In a recent webinar hosted by GEST (Global Embolization Oncology Symposium Technologies), Kristen Alexa Lee (Singapore General Hospital, Singapore) shares her experience of navigating the COVID-19 pandemic as a pregnant healthcare worker.
Singapore is using the DORSCON risk assessment system, conceptualised following the 2003 SARS (Severe acute respiratory syndrome) epidemic to provide guidance to the public. Currently, the country is at DORSCON orange, which means the disease is severe, spreads easily, but not spread widely, and is being contained. “It has been almost three months since the first COVID-19 case was diagnosed in Singapore, and we have certainly gone through waves of calm and panic,” Lee says.
Detailing the pandemic experience in her country, she explains: “Thanks to aggressive contact tracing and testing, we have [had] a lot of initial success in the containment of the outbreak in the first two months. We actually had our second wave with [the] return of Singapore nationals and other visitors from overseas sometime in February/March, and with progressive quarantine measures and strict travel restrictions, the surge of imported cases has largely ceased.
“Unfortunately, we are actually now tackling a new surge of cases. There are new foreign clusters which are popping up from foreign worker dormitories.” While part of this is due to increased testing, Lee adds that healthcare workers across the country are bracing for a surge of inpatient and intensive care unit (ICU) admissions in the coming weeks.
However, she asserts that the SARS experience in 2003 has “truly created an urgency for early action”. As measures were put in place within hospitals and the community in a timely manner, she adds, “Personally, despite the situation, I have felt safe both at work and outside of work.”
Education on appropriate infection control measures and ensuring compliance to quarantine are among many of the public health initiatives in Singapore that, according to Lee, the government are advocating. “They have largely been focusing on social distancing and protecting the vulnerable, such as the elderly and pregnant women.”
Due to an array of measures taken within the hospital, Lee acknowledges that they are seeing minimal social transmissions and healthcare worker infections. “Compared to SARS in 2003, 41% of the cases were infected healthcare workers. Now, in 2020 for COVID-19, less than 1% of cases are infected healthcare workers, and those are believed to be acquired from the community.”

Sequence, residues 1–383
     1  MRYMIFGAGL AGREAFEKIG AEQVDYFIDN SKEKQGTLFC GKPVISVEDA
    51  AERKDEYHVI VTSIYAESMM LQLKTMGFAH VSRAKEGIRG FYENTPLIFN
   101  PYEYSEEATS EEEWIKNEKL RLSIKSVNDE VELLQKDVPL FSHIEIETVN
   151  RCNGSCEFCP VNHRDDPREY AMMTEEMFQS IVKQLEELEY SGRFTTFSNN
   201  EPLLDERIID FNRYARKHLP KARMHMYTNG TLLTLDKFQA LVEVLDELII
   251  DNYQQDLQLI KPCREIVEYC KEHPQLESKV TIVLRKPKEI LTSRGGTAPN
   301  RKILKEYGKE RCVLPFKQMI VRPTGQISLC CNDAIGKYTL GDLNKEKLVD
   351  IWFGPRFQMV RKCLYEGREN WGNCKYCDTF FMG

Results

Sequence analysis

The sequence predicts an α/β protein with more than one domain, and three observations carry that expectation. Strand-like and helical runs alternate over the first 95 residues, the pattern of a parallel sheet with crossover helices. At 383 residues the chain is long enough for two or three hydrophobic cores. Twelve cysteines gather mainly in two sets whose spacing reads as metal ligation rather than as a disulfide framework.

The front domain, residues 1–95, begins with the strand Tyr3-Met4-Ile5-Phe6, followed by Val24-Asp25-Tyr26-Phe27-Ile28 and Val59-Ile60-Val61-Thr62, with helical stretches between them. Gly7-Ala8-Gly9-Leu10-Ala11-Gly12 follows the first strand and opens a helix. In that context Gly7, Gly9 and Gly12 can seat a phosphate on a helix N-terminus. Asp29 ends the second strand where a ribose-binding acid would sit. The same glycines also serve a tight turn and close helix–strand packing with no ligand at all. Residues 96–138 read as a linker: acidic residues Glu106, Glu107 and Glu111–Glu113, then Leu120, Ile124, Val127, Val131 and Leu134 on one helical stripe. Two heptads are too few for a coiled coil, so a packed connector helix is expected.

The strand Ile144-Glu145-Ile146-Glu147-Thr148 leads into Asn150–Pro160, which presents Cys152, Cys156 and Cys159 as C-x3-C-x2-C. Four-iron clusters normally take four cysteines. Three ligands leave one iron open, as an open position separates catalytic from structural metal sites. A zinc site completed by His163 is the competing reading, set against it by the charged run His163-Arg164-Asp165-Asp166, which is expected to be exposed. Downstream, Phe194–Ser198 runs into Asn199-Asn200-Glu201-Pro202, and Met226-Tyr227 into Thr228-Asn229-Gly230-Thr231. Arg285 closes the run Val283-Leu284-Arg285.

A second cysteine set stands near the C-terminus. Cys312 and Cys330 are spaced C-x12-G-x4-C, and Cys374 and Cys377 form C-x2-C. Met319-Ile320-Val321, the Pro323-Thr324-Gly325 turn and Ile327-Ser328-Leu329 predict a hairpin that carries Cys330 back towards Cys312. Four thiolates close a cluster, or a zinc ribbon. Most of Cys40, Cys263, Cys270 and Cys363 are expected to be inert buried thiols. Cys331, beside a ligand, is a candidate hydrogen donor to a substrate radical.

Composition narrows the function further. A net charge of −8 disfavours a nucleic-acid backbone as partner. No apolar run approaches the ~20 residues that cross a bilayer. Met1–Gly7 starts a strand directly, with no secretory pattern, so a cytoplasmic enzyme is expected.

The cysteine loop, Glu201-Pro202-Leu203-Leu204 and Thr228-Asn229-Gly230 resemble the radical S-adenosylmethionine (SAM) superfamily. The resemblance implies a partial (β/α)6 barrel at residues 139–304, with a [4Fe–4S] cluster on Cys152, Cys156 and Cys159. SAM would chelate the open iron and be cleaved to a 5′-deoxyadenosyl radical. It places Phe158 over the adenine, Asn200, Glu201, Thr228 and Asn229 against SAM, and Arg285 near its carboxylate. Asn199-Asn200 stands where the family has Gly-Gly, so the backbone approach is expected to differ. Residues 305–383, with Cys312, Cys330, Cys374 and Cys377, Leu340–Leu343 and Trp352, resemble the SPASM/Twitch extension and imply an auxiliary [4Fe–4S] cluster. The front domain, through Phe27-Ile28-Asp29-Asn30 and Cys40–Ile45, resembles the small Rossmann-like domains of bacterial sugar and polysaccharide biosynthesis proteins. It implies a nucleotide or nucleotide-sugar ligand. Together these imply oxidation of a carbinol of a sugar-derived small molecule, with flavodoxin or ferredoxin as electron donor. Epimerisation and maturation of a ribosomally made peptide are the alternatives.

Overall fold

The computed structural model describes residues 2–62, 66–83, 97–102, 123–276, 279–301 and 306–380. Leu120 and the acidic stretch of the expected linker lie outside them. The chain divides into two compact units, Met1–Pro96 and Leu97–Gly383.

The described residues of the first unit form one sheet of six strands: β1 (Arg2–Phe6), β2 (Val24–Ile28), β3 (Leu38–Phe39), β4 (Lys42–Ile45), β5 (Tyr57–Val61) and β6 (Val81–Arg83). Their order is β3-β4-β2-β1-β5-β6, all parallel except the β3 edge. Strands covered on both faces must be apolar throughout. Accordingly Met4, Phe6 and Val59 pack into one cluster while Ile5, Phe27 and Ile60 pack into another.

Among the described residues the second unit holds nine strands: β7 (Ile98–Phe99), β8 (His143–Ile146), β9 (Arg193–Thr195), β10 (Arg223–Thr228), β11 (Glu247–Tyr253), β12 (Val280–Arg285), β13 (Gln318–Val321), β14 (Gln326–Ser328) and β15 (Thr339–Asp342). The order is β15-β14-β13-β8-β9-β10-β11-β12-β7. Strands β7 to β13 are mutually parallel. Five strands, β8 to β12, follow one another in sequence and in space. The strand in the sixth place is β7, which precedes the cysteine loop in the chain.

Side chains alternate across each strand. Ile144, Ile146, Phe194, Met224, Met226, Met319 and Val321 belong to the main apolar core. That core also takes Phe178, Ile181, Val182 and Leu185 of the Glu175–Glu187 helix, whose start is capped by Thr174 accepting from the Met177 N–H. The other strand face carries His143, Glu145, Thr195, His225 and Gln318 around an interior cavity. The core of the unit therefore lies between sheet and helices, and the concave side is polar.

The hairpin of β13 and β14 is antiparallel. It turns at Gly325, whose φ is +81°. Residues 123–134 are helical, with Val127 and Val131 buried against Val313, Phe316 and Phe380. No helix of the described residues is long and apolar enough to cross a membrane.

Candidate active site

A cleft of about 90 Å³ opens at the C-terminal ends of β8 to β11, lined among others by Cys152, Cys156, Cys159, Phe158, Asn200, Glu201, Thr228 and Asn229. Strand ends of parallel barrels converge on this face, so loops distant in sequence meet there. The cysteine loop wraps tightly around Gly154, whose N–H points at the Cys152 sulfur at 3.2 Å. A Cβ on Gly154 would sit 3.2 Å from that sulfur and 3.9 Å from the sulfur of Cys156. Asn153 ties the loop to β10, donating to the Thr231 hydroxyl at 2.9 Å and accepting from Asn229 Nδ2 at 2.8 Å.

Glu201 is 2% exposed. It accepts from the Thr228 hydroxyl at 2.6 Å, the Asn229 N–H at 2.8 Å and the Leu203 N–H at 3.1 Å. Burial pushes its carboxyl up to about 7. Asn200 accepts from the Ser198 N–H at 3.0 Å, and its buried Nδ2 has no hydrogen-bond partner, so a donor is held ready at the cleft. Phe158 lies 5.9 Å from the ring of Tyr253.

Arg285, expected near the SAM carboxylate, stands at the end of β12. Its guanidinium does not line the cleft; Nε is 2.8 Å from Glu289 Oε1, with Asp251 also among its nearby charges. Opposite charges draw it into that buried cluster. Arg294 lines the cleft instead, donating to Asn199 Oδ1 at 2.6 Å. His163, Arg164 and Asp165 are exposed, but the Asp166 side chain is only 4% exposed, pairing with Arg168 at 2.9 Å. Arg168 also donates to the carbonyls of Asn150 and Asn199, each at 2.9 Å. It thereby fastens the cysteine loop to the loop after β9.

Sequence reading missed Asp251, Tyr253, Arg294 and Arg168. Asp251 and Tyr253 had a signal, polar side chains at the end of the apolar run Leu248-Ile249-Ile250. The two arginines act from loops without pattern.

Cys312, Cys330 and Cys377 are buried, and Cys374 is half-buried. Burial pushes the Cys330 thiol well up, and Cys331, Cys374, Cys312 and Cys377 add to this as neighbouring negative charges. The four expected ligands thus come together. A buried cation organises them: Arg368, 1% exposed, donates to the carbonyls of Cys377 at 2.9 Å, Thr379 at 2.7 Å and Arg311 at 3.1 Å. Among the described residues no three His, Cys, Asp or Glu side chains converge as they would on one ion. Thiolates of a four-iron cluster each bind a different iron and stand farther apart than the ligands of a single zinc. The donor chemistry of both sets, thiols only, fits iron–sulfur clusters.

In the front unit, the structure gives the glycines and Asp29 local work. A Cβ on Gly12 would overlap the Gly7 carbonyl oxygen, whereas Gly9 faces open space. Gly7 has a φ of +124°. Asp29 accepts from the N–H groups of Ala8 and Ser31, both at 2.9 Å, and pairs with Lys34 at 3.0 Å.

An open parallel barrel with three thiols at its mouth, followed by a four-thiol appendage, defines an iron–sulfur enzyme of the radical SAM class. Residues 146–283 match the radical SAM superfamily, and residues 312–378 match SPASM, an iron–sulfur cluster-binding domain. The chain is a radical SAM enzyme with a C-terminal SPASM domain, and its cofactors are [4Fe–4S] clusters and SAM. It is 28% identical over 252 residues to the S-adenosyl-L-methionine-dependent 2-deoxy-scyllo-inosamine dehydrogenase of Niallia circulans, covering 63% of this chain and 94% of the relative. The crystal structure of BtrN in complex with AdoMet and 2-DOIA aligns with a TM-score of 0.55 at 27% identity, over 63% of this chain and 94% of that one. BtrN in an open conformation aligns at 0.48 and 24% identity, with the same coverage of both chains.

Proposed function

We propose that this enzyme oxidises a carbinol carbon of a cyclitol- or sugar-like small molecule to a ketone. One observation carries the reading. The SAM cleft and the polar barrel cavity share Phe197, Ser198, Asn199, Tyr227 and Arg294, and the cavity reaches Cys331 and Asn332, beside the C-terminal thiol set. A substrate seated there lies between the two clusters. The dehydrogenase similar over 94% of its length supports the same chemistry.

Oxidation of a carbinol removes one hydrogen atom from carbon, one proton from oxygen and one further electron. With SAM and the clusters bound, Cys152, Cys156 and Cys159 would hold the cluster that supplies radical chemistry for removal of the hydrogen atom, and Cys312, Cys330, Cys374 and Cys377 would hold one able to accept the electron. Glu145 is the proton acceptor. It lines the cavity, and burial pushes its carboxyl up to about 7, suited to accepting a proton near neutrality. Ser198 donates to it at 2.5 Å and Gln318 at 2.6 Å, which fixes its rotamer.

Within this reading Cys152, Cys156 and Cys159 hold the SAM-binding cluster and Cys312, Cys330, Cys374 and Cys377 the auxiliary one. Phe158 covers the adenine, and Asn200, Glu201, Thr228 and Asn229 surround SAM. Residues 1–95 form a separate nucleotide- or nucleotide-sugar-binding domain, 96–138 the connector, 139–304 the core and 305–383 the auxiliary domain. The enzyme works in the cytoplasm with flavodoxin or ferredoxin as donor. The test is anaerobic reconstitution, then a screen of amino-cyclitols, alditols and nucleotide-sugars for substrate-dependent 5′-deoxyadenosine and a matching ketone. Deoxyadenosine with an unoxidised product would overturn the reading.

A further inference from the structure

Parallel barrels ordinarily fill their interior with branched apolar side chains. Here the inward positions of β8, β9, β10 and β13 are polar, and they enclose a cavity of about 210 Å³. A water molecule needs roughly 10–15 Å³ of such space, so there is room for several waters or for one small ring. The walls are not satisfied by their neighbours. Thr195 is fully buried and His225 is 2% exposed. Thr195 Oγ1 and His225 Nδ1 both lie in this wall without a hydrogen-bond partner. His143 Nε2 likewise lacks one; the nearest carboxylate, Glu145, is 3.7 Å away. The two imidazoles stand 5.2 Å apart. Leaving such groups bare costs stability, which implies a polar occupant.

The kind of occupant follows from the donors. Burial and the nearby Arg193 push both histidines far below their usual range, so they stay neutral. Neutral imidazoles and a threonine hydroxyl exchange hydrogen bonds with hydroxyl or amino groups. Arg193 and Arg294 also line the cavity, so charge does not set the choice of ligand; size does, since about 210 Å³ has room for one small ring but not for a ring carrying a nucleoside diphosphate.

She explains that early on, protocols were set in place for perimeter control, and screening occurs for all patients on arrival. Guidelines are also in place to identify suspect cases for immediate isolation and evaluation, while compliance to all policies regarding segregation, social distancing, and travel restrictions are strictly enforced. There are clear directives for staff with any respiratory symptoms to seek medical attention at the staff clinic, Lee says, adding that all healthcare workers at her hospital are obliged to take their temperature twice a day to ensure there are no fevers.
Yet, regarding restrictions on work responsibilities for pregnant healthcare workers, Lee comments that there is only one, as the N95 mask has been deemed unsuitable. Therefore, she says all pregnant staff have been reassigned to areas where only surgical masks are needed, and must avoid participating in aerosol-generating procedures.
“As the situation continues to evolve, we have to revise my day-to-day role. My main concern was that I did not want to compromise our man power. But working together with my chief, we are able to find productive ways to scale back my patient-fronting duties.”
Given that the number of outpatient procedures have been reduced, Lee has taken on diagnostic duties, which are usually assigned to interventional radiologists. She also now helps with the management of outpatient requests, and developing systems to triage such patients. “During peacetimes, our list usually runs from anywhere of 40–50 cases per day. For essential outpatient services, it is important to have a detailed and systematic workflow, so patients can still receive the care that they need.”
Pregnant radiographers and nurses have largely continued their duties, Lee affirms, but are taken out of rotation whenever contact with a suspected COVID-positive patient is required.
“Even though we may be tackling different phases of the pandemic around the world, there is no question that this is a very trying time for many healthcare workers. For expecting mothers, the information on pregnancy and COVID-19 is still relatively scarce.”
Addressing staff that are currently pregnant, Lee urges them to “be familiar with your hospitals occupational health policy regarding pregnant healthcare worker, and continue to have open and honest discussions with your departmental leadership, to minimise your risk.
“Continue to protect yourself with strict infection control measures. For some of us, we need to revise as necessary to minimise our patient-fronting activities. Ultimately, it is important to remember that we are all contributing to this fight, and segregation does not mean isolation.”
Maureen Kohi (University of California San Francisco [UCSF], San Francisco, USA), who was co-moderating the webinar discussion with John Kauffman (Oregon Health and Science University, Portland, USA), praised Lee’s work, saying: “All we have done at UCSF [for pregnant woman during the COVID-19 pandemic], we have done because of her [Lee] and her experience, and what she brings to the table.”